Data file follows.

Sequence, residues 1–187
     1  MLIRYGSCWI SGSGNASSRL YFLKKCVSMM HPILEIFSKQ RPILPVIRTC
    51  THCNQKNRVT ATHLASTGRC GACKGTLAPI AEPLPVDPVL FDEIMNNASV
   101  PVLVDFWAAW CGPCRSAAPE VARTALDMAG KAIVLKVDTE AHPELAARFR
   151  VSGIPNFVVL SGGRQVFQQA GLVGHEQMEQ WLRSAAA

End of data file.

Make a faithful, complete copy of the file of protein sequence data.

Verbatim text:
Sequence, residues 1–187
     1  MLIRYGSCWI SGSGNASSRL YFLKKCVSMM HPILEIFSKQ RPILPVIRTC
    51  THCNQKNRVT ATHLASTGRC GACKGTLAPI AEPLPVDPVL FDEIMNNASV
   101  PVLVDFWAAW CGPCRSAAPE VARTALDMAG KAIVLKVDTE AHPELAARFR
   151  VSGIPNFVVL SGGRQVFQQA GLVGHEQMEQ WLRSAAA